(Our Bureau, May 28) Twitter and New Delhi are involved in a war of words over scuttling free speech amid the American company’s non-compliance of India’s new social media intermediary norms. In a statement yesterday, Twitter accused the Centre of “dangerous overreach that is inconsistent with open, democratic principles” and alleged it has been forced to block portions of “legitimate free speech”. Though Twitter did not disclose details, the two sides were at loggerheads some months ago over blocking more than 1,400 users accused of using inflammatory language during the farmers’ protests. The Jack Dorsey-led company eventually complied.
In a statement yesterday, Twitter accused the Centre of “dangerous overreach that is inconsistent with open, democratic principles.”
Twitter once again came on the establishment’s radar after it recently marked posts by some BJP leaders on an alleged ‘Congress toolkit’ as ‘manipulated media’. Further, the microblogging giant said it fears for employees’ safety amid “intimidation tactics” by law enforcement agencies — Twitter’s Gurgaon and Delhi offices were visited by police on Monday as part of a probe in the ‘manipulated media’ matter.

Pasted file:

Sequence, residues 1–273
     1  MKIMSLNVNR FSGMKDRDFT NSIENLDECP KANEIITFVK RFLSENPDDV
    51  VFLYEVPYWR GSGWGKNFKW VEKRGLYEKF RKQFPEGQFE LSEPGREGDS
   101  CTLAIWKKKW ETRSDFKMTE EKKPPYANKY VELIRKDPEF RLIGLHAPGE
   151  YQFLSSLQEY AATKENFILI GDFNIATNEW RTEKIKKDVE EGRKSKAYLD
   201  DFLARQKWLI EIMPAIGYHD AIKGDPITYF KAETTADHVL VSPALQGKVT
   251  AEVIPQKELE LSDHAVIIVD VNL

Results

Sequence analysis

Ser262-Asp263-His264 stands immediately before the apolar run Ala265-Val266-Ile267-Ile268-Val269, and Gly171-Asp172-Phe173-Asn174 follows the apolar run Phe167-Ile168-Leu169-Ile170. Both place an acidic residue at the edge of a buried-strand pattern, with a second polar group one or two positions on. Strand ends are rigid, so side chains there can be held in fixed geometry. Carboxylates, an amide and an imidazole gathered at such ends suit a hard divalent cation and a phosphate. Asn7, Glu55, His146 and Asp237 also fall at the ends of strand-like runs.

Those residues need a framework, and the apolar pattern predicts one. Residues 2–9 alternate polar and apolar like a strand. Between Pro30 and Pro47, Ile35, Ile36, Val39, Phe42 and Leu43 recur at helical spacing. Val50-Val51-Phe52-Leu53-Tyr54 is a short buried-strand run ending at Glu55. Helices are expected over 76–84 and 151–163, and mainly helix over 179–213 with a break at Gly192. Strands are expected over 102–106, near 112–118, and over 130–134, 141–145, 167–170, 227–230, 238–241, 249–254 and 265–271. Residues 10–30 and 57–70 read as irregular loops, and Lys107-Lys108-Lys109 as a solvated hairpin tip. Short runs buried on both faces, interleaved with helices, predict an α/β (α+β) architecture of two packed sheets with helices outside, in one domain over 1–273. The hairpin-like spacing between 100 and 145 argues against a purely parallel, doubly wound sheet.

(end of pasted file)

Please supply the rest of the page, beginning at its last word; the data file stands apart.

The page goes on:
The company also expressed concerns over the new intermediary norms which make social media majors liable for criminal and civil action over third-party content on their platforms. Twitter and its ilk are also required to enable a complaint redressal mechanism and trace the ‘first originator’ of information found to ‘undermine the sovereignty of India, security of the state, or public order.’ Twitter wants the IT ministry to seek public consultation on the norms and extend implementation timelines by three months. The rules came into force on May 26
“India has a glorious tradition of free speech and democratic practices dating back centuries. Protecting free speech in India is not the prerogative of only a private, for-profit, foreign entity like Twitter,” the Centre said in a statement.
New Delhi’s retort
Hours after Twitter’s statement, the Centre released a statement on Twitter’s India rival Koo accusing the microblogging leader of dictating terms to the world’s largest democracy. “India has a glorious tradition of free speech and democratic practices dating back centuries. Protecting free speech in India is not the prerogative of only a private, for-profit, foreign entity like Twitter,” the statement read. The government said Twitter itself has been scuttling free speech through its opaque policies and accused the company of not complying with the law of the land.